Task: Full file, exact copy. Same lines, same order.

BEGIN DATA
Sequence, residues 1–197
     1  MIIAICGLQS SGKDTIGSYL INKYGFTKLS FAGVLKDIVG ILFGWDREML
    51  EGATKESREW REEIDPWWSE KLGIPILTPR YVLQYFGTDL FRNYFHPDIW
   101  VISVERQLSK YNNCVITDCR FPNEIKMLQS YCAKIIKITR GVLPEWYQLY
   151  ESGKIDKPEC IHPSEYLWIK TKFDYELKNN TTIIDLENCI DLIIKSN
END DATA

Sequence, residues 1–197
     1  MIIAICGLQS SGKDTIGSYL INKYGFTKLS FAGVLKDIVG ILFGWDREML
    51  EGATKESREW REEIDPWWSE KLGIPILTPR YVLQYFGTDL FRNYFHPDIW
   101  VISVERQLSK YNNCVITDCR FPNEIKMLQS YCAKIIKITR GVLPEWYQLY
   151  ESGKIDKPEC IHPSEYLWIK TKFDYELKNN TTIIDLENCI DLIIKSN